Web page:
The summer and fall months officially kick off conference season. The time when you send out your best and brightest to learn and explore from their peers and “bring back great ideas.” And many conferences do their part to help facilitate the sharing of great ideas through “best practice roundtables” and asking speakers to share their own best practices that they’ve seen tried within firms. This all sounds well and good except for one fundamental flaw that those of us in the Lean world identify way too often in organizations: It’s not just taking the idea that counts. What matters is:
- Identifying how these ideas actually help solve a problem and will lead to improvement within your organization; and
- Strategically deploying these new ideas and getting buy in to actually implement them.
That’s right – there’s a problem with sharing best practices and thinking these are the long-awaited silver bullets you’ve been missing. How does it fit within your organization? How does it fit your culture? Your personnel? Is it solving an actual problem you have or does it just add more clutter, stacking, and convolution to an already convoluted process that you have? Unfortunately, I see many firms that fail to answer any of these questions before “implementing” these best practices. And the lackluster results and lack of firm-wide adoption of these ideas speak for itself. Then we repeat the cycle next year.
Following a proven roadmap.
This is where the structured and formal approach of the Lean Six Sigma D-M-A-I-C model (Define, Measure, Analyze, Improve and Control) can be the differentiator and catalyst your organization needs. It’s not that the best practices are wrong. What is crucial, however, is that you identify which ideas and best practices actually will solve problems your organization is facing. Not just on paper but in reality. The ideas that, when strategically inserted into your opportunity areas, will lead to optimal results.
- Define – Define the problem that you are trying to solve. This includes identifying the specific process that you want to improve (i.e., business tax, individual tax, client accounting services, audit, billing, etc.) and setting expectations and timelines for the project.
- Measure – Map out the current process step by step. Document what is REALLY happening instead of what SHOULD be happening. This helps identify the areas of opportunity in the process.
- Analyze – Put the current process under a microscope to identify the wasteful activities in the process, work loops and quality issues. Ultimately, identify the areas of opportunity.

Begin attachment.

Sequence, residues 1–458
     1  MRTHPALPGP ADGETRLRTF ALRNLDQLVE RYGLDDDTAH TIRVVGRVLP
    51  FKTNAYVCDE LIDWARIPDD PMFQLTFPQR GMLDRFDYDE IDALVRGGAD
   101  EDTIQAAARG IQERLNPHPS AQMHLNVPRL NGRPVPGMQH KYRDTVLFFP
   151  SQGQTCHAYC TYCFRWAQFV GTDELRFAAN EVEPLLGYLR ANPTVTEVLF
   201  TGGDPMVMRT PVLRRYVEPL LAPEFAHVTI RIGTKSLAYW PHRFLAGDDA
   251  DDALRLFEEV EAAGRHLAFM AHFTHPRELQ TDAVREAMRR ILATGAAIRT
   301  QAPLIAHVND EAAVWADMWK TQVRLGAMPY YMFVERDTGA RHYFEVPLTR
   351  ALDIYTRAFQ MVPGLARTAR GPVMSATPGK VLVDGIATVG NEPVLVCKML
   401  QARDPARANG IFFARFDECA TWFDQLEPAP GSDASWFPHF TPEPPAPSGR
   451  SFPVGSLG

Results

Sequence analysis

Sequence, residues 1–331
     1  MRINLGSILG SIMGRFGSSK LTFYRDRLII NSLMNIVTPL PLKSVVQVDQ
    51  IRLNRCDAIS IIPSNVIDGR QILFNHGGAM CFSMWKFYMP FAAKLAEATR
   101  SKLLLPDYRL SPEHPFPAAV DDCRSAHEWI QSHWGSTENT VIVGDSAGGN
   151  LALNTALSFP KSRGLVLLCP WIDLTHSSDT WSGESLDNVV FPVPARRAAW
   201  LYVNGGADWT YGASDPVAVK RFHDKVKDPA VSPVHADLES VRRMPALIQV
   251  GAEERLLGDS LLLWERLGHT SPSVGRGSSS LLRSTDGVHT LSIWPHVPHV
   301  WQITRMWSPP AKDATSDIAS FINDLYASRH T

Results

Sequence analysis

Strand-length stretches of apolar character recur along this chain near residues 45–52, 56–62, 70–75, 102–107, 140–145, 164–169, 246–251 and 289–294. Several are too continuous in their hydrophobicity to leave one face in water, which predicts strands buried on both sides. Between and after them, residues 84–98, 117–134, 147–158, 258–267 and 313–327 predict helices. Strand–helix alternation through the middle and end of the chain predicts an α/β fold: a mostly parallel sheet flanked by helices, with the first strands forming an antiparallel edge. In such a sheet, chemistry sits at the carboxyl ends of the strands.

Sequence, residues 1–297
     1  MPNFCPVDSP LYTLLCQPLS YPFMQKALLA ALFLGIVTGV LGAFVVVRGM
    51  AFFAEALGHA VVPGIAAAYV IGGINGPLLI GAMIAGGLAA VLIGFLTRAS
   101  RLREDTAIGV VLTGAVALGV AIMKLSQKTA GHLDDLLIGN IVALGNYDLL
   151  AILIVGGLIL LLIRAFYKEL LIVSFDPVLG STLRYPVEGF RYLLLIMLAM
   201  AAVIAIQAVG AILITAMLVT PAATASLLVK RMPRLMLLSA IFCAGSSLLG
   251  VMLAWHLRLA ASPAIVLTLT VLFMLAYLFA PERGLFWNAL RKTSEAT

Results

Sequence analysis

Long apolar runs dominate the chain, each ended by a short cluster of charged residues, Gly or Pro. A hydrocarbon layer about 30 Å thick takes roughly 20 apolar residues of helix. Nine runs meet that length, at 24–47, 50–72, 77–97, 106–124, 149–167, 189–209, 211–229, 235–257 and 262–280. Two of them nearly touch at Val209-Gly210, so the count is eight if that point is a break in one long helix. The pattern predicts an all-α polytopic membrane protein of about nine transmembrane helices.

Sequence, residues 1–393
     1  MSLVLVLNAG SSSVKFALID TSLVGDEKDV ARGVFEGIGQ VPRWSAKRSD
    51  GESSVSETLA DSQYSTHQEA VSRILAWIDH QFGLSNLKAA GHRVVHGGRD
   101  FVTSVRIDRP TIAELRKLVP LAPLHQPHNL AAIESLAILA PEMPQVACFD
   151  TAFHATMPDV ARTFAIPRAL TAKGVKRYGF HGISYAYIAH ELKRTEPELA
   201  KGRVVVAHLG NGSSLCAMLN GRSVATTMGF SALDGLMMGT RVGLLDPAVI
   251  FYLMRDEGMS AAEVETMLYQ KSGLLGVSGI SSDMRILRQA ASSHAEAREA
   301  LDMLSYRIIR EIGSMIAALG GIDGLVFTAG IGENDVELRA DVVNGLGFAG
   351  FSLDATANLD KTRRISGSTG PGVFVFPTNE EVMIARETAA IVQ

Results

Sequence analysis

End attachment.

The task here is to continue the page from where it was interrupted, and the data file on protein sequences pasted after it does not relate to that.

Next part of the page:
- Improve – Develop ideas and solutions into the areas of opportunity discovered during the Analyze phase and develop the new and improved process.
- Control – Develop a plan to train, rollout and implement the new process, sustain buy-in and encourage continuous improvement!
This model is quite simple, actually. By defining process objectives, measuring the current state of your process, and analyzing that current state to identify where your deficiencies are, you know where to focus your improvement ideas. You don’t appear scattered with your changes. Instead, you’re focused. You build a case for change. And you explain the ever crucial “why” to everyone that needs to buy in to show how certain ideas and best practices actually solve real-world issues you are facing. This makes the Control phase (aka “Buy In”) much smoother.
Firms and organizations that use this approach to process improvement report and realize far greater productive results than organizations only concerned with accumulating and trying to deploy best practices in a shotgun manner. It’s a much more structured and proven approach.
Are you engaged in accumulating best practices or creating results?
I like to make the statement that the ultimate best practice is following the DMAIC roadmap to select and deploy individual best practices. Does it take time and effort? Yes. Does it require developing strategies around buy-in and thinking ahead? Yes. Do you need to build a case for change? Yes. But you can either spend that time now and build a culture around continuous improvement and optimal process performance to better serve clients. Or you can take the easy way out and force feed best practices into your firm in a scattered approach. This will cost you far more – multiples of the DMAIC roadmap investment – year after year, repeating this vicious cycle with more best practices next year.
“The definition of insanity is doing the same thing over and over again and expecting different results.” – Albert Einstein
If your firm has struggled deploying best practices and one-size fits all ideas in the past, why don’t you try something different this year? The secret many CPA firms are discovering is that by following the Lean Six Sigma process improvement model (DMAIC) they are changing from one-off small gains to transformational firm gains to productivity and client service. Lean Six Sigma enables your firm to properly align your people and processes with your technology. And, ultimately, build an organization that lives and breathes a culture of continuous improvement.
See inside August 2016
Ransomware: Is Your Accounting Firm At Risk?
Ransomware is a type of malicious software that encrypts files, blocks access to computer systems then requires an anonymous payment, and has the ability to make a dramatic and devastating impact on your business. A recent report released by the FBI ...
Growth? Innovation? Productivity? Too Much or Too Little?
Observing the new normal of slow business growth raises the question: what’s the next big thing? Likewise, it is reasonable to ask if we are doing the right thing. In other sections of this month’s publication there is coverage on both document ...